You know those people. The ones that constantly hate on Los Angeles. And you’ve heard their criticisms.
Overpriced, devoid of culture, too much traffic, no public transportation, no seasons, just a flat stretch of concrete with a few palm trees….. and that’s not the worst of it. According to some we all fit into nifty, convenient stereotypes. Categories like self absorbed hipsters, gang bangers shooting up the hood or entertainment industry phonies who think of nothing else but our next kale smoothies and boob jobs.
But as an L.A. native with a fair bit of experience in this town, I take some serious issues with these assertions. And it starts with how outsiders view the people of Los Angeles.
Hmmm… yeah, let’s start there.
1. L.A. People are Fake? False.
One of the biggest stereotypes about L.A. is this caricature of someone who’s looks and acts status obsessed, works (or wants to) in the entertainment industry and name drops until the point it makes you want to vomit.
According to numbers from 2012 via the chief economist of the L.A. County Development Corp. there are roughly 247,000 entertainment industry jobs in Los Angeles. Compare that to the 10,000,000 residents countywide, and you can do the math. Even if every entertainment industry worker was as phony and shallow as they say, it would still only represent about 2.5% of our population. Health care, retail, and even manufacturing out rank entertainment in L.A.’s top industries.
Moreover, use the eyeball test.
Take a look around anywhere in L.A. and be proven wrong. We’re so diverse in so many ways, it’s impossible for any singular type to personify us. Koreatown, Thai Town, Little Tokyo, Little Ethiopia… the ethnic enclaves, and hip neighborhoods (which often overlap), are perfect examples of what a lot of Angelenos are really like: diverse, hard-working, and totally authentic. You won’t see paparazzi or any TMZ tour buses stalking most of these neighborhoods, because there’s such a glaring absence of the Industry in those parts of town.
2. L.A. Only Does Mexican Food Well? Wrong, wrong, wrong…
Mexican food is only the tip of the culinary iceberg. L.A. is having a food moment, but for generations we’ve had a really wide and varied range of ethnic restaurants that seem like they are only now gaining more mainstream recognition. Anthony Bourdain sums it up really well: “L.A. is 468 square miles of something, with 114 different neighborhoods–like Venice Beach, Koreatown, Hollywood, etc., known for the people that settled there and the cuisines they serve”.
We’re so close to our food source, and have access to such a variety of ingredients, it’s not hard to achieve authenticity. We have so much quality at our fingertips, our chefs have no choice but to offer food that is simply good. But it’s not just the ingredients, it’s the innovators who almost rebelliously eschew the old culinary standards in favor of paying homage to their own cultural roots (or better yet, explore a whole other culture’s cuisine), and present something fresh and exciting.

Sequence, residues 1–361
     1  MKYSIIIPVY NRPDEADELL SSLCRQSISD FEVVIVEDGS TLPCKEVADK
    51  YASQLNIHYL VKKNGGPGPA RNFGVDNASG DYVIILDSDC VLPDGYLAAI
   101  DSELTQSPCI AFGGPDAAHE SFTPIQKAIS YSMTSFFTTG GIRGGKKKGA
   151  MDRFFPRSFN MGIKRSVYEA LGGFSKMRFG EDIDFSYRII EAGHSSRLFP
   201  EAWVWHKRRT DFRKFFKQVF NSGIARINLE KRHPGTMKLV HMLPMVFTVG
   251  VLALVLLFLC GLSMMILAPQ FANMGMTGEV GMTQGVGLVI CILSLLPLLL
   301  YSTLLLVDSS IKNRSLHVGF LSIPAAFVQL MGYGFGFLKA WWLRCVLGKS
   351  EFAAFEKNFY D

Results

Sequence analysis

Part of downtown’s reemergence is because of these innovators. More high end operations like Baco Mercat, Church & State, and Bestia have been attracting attention and repeat customers. Casual joints like Wurstküche and The Pie Hole are doing inventive and delicious things by focusing on doing one thing (sausage and pie, respectively), and doing it really well.
Faith & Flower has also been garnering much deserved attention, too. Chef Michael Hung did come from a classical French, Michelin-starred restaurant, but is putting his own modern, and Asian edge to classic dishes. He, and other chefs like Roy Choi, are making food that’s a real reflection of Los Angeles: complex, culturally diverse and, of course, delicious.
3. L.A. Public Transit Sucks? Not Nearly as Much as You Think
There actually are plenty of public transit options in L.A. Our bus system is extensive and reliable. We were ranked third out of America’s ten best cities for commuting on public transit. Our bus system is extensive and reaches throughout the southland. It’s also reliable, making it a convenient and less stressful way to commute. The Metro rail system is expanding, adding yet another option in cutting across L.A. without having to endure traffic.
According to StreetsblogLA, California just awarded CalTrans $550 million for transit capital projects. With about $200 million going to Los Angeles county, we can expect expansions of the Metro system’s light rail and subway systems, and buses. It’s only getting easier to ditch sitting in traffic!
4. L.A. Has no Seasons? No, Our Weather is Just Better Than Yours
I heard a comedian say “we have seasons….the ones that don’t suck”. It’s true. Sometimes our summers have unbearably humid, 100+ degree moments, and sometimes it’s so dry, the hills catch on fire, but most of the year LA looks like a postcard. Some years our winters get just cold enough to feel like actual winter.
Except we don’t need to warm up our cars while digging them out of snow. We just hop in, and drive around with the windows down. Top down in December? You bet! Last year social media was filled with images of, and hashtags describing Christmas celebrations at beaches and pools.